No one wants to wait minutes for a control system batch report to run. When reports need to run fast, design choices must be used that focus on the needs of the end user and consumers of the data. The standard for report design is to base the report data on “a single version of the truth”. This approach generally means getting the raw data for the reports as close to the source as possible. But in some cases this approach does not work well for the end user.
As the report data expectations increase in high-production environments, it becomes difficult to design batch reports which return results to users quickly. The time needed to extract data from multiple data sources such as several SQL databases and many Historian tags, can become unacceptable. This is even more of a challenge in when users ask for results from thousands batches occurring over many months and with data merged from multiple data sources.
To solve this problem the “a single version of the truth” dogma needs to be challenged. A workable solution is to pre-process and store the data in a single wide-table. This results in a copy of the data records from the various sources being stored as a single record of results for each batch. For batches with multiple values per batch, the multi-record related data is stored as a separate table from the batch record. The objective is to store the data in a form that is optimized for reporting and not for the transactional database. The pre-processing can be a continuous automated process that can occur frequently, such as once per hour. When properly implemented, the result is fast and accurate reports for your end users; therefore less frustration, delay, and wasted time.
This solution will work, but there are some caveats. First, the measured values must be values that cannot be changed after first logged. This is normally the case with historical data, so this is not a problem. There can be a potential problem with attributes that give context for the measured values. An issue can arise where an attribute that describes the batching equipment, the location, or the product, changes at a point in time. In most cases, this would not be a problem since the new attribute value would correctly describe the attribute and the change would be legitimate. But if the change in value is intended to correct an error or is a new way to describe the same value, then records from the past will need to be either reprocessed or updated. Change needs to be considered and a plan should be in place that is intended to maintain data quality and possible changes to attribute values. But this should not be a deterrent to building solutions that provide fast and accurate batch data for the end users.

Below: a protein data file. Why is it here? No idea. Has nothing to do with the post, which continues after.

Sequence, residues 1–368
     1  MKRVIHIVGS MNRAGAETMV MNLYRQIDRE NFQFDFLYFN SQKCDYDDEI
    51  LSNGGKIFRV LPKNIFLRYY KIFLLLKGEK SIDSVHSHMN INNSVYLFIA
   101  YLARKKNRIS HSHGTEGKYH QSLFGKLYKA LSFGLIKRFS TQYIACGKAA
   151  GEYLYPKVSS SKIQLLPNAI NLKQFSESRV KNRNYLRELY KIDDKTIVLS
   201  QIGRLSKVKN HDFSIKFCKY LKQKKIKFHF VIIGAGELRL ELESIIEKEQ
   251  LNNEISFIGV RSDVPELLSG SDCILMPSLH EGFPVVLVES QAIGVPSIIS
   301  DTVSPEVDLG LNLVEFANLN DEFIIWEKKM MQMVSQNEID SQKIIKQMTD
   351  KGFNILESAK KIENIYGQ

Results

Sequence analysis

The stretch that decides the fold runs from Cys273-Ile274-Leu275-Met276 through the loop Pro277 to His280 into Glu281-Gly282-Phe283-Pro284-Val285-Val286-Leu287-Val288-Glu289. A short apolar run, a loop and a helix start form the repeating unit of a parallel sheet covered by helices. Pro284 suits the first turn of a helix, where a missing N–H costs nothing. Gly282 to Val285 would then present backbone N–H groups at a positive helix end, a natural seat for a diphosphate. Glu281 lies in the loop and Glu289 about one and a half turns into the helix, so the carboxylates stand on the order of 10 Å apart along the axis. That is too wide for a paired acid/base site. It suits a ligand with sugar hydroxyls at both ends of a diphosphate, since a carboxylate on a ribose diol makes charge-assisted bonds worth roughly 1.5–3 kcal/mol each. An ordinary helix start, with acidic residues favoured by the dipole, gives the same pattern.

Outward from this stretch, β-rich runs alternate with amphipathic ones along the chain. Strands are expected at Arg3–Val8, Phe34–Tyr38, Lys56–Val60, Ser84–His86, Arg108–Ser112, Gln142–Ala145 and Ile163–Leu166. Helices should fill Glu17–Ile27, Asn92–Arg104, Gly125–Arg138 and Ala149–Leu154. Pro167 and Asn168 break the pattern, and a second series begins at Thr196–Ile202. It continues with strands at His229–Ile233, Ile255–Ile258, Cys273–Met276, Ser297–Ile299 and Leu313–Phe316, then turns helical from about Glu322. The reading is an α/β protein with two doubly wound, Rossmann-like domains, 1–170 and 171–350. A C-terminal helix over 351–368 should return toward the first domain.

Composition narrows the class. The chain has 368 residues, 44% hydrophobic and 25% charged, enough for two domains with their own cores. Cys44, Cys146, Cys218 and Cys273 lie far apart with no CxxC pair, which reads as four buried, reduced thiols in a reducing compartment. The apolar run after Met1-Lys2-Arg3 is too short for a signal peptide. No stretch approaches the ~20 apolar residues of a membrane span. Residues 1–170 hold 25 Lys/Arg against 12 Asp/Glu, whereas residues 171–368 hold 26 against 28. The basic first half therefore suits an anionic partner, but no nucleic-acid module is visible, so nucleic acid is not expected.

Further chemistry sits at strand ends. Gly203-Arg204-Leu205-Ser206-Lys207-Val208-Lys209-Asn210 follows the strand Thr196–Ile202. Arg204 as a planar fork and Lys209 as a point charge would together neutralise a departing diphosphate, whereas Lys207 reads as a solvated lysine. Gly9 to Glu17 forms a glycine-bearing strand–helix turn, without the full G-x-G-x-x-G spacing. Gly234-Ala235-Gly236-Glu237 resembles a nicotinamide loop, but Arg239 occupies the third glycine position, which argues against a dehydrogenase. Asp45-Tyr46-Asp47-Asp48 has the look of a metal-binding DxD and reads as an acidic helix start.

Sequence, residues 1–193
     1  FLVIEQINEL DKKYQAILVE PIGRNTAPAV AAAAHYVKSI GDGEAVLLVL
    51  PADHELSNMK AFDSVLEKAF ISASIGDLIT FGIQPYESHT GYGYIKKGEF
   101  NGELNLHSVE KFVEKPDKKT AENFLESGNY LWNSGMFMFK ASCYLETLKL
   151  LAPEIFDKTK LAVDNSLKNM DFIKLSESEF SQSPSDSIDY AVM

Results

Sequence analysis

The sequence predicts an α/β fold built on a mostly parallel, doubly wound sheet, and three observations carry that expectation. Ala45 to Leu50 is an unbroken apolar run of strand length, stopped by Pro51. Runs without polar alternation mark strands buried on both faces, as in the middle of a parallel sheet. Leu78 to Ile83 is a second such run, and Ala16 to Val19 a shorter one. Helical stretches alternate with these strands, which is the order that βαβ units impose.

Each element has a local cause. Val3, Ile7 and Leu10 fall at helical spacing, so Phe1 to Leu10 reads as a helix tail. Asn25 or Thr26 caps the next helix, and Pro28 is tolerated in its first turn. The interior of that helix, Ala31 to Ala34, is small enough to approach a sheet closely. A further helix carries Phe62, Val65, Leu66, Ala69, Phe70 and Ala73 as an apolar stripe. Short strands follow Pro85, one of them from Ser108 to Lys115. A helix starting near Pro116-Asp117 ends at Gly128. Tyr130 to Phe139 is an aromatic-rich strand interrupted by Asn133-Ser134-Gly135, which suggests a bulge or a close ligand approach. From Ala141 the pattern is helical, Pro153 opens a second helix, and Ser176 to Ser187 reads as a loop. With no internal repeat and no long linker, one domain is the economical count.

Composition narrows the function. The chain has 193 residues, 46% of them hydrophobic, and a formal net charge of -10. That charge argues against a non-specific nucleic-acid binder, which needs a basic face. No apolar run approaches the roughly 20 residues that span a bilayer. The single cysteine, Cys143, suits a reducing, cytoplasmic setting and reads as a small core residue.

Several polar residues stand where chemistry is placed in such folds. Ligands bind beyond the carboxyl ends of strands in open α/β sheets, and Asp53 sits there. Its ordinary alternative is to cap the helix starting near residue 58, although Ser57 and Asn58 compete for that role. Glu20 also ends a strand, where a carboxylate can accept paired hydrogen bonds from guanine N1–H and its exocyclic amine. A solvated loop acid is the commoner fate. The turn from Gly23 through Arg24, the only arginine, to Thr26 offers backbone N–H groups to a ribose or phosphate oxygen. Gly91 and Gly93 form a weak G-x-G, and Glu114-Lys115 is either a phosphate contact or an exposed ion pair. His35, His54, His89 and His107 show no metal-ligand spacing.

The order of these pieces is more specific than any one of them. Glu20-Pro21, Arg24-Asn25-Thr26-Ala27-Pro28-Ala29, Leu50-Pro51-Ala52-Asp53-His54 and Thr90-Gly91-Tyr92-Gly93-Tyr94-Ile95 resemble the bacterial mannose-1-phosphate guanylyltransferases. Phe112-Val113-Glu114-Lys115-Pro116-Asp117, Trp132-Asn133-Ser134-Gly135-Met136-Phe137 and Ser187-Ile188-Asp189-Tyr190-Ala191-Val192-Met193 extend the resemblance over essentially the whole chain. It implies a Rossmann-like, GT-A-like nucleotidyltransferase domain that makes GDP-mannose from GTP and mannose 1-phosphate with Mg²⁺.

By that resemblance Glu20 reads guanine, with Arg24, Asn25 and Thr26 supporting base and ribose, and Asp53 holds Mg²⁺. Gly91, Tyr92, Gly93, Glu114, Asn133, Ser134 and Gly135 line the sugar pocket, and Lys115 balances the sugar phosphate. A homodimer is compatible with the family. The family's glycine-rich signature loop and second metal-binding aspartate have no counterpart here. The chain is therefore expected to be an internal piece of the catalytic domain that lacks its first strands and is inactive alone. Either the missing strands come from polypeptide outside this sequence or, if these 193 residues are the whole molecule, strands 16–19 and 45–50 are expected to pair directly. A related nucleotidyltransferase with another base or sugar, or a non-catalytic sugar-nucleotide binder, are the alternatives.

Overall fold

An example of this approach is to combine manufacturing batch records with plant equipment metrics that are logged to a data historian during the batch. A batch record will have a Batch Id, Equipment Id, Product Id, Recipe Id, Start Time, End Time, and other columns related to the batch. This information comes from an SQL relational database. A complex query may be needed to obtain the batch records from many tables. During the batch, there may be many measured values such as flows, volumes and temperatures. These measured values can be merged with the batch record either as summary data, such as minimum, maximum, and average; as sample value at various points in time; or as a series of values for each batch. Since extracting the data from the historian is a slow computing process, this is the primary speed bottleneck. During the pre-processing, the historian data is extracted and stored in the SQL database with the batch record.
The end result of pre-processing batch data from multiple data sources is that the data is now available in a greatly simplified form. The batch records can then be accessed by reports or user queries simply and fast without a need for knowledge of the underlying complexity of the source databases or tagnames.
Hallam-ICS can help you with the installation and configuration of reporting and data analytics solutions. Please contact us for more information.
About the Author
Steve Comeau is a Senior Business Intelligence Developer for Hallam-ICS. Steve has over 20 years in control systems, specializing in data historians, database programming, and report development.
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Hallam-ICS is an engineering and automation company that designs MEP systems for facilities and plants, engineers control and automation solutions, and ensures safety and regulatory compliance through arc flash studies, commissioning, and validation. Our offices are located in Massachusetts, Connecticut, New York, Vermont and North Carolina and our projects take us world-wide.